NEWS: In late 2015, multiple web sites posted articles about an article titled “On the Reception and Detection of Pseudo-Profound Bullshit,” [PDF] published in the journal Judgment and Decision Making on 6 November 2015.
Roughly a month passed before the media took note of the paper. Jezebel, Vox, Mic, Factually.Gizmodo, and Forbes were among the outlets to package the article’s findings for social media users to share (and tacitly mock friends whose posting habits were similar to those supposedly examined in the study). Jezebel‘s framing exhibited a trait common in many articles about the paper: titled “Do You Love ‘Wise-Sounding’ Quotes? Surprise! You’re Probably Dumb,” it held that folks who favored sharing images with quotes appended on social media were quantifiably less intelligent than those who did not:
Is half of your social media presence comprised of inspirational quotes superimposed over images of babbling brooks or beautiful mountain ranges? Are you brought to tears when reading quotes like, “Hidden meaning transforms unparalleled abstract beauty.” Well, I hate to be the one who says this, but you might be a big ol’ dummy.
That implication was an exceptionally common one. Articles about the research featured titles like “People Who Post Inspirational Bullshit on Facebook More Likely to Have Lower Intelligence” (Mic),” “People who share inspirational quotes on Facebook are less intelligent, believe in conspiracy theories: Study” (IBNLive), “People Who Post Inspirational Facebook Quotes Are Morons, According to Science” (Maxim), “People who upload inspirational quotes are dumb: study” (India.com) “People posting inspirational quotes on Facebook actually dumb: Study” (Deccan Herald), and “People who post inspirational quotes on Facebook are actually idiots, study says” (BGR).
But the original study had nothing to do with the liking and sharing of quotes superimposed on images, and a number of articles about the paper quoted secondary sources (not the original article) to describe the purported results. The abstract for “On the reception and detection of pseudo-profound bullshit” explained its scope in a manner that differed meaningfully from subsequent media interpretations of it:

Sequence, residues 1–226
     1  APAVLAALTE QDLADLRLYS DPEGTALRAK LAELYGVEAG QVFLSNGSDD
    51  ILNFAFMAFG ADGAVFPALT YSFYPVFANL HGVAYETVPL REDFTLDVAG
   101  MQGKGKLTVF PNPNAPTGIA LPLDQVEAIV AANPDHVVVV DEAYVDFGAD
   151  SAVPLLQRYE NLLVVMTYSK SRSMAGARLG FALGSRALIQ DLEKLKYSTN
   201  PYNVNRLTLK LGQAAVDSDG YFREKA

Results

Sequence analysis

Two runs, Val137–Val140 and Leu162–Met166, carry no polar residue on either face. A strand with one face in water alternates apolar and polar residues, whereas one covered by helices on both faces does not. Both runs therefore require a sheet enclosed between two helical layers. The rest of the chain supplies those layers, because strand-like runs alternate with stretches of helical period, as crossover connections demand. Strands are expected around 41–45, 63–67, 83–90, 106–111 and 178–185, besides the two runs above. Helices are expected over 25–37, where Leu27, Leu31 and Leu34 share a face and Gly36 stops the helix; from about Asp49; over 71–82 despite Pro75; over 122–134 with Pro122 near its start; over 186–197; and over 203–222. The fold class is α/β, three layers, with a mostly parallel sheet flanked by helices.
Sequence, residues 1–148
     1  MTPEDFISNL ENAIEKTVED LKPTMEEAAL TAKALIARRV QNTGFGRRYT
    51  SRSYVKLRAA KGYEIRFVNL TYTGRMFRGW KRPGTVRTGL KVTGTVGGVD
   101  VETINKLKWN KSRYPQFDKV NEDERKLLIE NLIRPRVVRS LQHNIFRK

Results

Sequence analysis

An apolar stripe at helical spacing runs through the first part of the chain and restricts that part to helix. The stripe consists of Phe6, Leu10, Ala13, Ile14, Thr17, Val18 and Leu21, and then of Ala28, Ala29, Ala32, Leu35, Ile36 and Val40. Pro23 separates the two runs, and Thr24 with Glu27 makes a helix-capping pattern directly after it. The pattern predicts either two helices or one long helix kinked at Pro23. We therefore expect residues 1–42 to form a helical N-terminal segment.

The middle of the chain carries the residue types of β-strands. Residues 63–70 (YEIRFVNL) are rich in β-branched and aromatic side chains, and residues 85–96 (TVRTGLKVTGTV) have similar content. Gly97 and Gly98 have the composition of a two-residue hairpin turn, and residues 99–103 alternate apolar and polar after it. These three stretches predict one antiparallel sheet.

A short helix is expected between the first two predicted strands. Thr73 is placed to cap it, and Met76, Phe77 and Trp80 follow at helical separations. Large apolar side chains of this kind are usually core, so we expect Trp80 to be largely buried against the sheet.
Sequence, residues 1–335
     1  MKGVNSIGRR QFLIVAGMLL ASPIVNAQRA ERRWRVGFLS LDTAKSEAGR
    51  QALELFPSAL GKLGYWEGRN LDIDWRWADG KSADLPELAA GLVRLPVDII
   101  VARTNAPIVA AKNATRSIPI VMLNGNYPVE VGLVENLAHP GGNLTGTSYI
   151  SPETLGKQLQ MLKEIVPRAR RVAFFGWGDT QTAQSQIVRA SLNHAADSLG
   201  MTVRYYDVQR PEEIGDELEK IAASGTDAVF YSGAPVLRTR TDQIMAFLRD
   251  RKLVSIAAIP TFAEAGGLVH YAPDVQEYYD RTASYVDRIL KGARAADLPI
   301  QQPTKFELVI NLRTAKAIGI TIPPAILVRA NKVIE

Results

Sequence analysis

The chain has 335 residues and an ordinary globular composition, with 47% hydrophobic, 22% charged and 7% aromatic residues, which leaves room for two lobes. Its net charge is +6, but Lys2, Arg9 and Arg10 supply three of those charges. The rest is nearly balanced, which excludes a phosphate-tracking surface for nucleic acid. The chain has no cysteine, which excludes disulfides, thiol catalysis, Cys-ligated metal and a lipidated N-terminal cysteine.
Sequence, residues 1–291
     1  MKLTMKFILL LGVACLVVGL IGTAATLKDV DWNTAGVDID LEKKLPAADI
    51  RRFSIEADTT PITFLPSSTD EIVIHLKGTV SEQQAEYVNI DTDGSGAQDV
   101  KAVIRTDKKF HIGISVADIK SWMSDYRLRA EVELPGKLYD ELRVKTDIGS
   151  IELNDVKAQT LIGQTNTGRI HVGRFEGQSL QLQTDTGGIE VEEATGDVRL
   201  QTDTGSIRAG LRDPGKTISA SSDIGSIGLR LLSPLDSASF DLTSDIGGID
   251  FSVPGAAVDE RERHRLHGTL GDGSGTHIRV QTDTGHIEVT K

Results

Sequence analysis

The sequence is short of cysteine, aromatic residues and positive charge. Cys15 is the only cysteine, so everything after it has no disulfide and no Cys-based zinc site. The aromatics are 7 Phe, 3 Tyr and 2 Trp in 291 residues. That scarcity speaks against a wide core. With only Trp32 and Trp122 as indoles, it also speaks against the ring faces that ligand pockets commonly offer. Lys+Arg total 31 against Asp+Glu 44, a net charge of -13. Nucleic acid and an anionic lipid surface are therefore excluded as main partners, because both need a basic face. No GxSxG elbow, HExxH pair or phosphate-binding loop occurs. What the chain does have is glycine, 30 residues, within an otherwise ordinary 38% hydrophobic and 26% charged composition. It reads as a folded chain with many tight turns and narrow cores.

Although bullshit is common in everyday life and has attracted attention from philosophers, its reception (critical or ingenuous) has not, to our knowledge, been subject to empirical investigation. Here we focus on pseudo-profound bullshit, which consists of seemingly impressive assertions that are presented as true and meaningful but are actually vacuous. We presented participants with bullshit statements consisting of buzzwords randomly organized into statements with syntactic structure but no discernible meaning (e.g., “Wholeness quiets infinite phenomena”). Across multiple studies, the propensity to judge bullshit statements as profound was associated with a variety of conceptually relevant variables (e.g., intuitive cognitive style, supernatural belief). Parallel associations were less evident among profundity judgments for more conventionally profound (e.g., “A wet person does not fear the rain”) or mundane (e.g., “Newborn babies require constant attention”) statements. These results support the idea that some people are more receptive to this type of bullshit and that detecting it is not merely a matter of indiscriminate skepticism but rather a discernment of deceptive vagueness in otherwise impressive sounding claims. Our results also suggest that a bias toward accepting statements as true may be an important component of pseudo-profound bullshit receptivity.
As the abstract explained, the research focused on “pseudo-profound” remarks (not quotation-based memes). The original paper went on to quantify the meaning of the term “bullshit” with respect to its findings:
In On Bullshit, the philosopher Frankfurt (2005) defines bullshit as something that is designed to impress but that was constructed absent direct concern for the truth. This distinguishes bullshit from lying, which entails a deliberate manipulation and subversion of truth (as understood by the liar).
After laying out a mutually understood definition for bullshit, the paper continued by noting: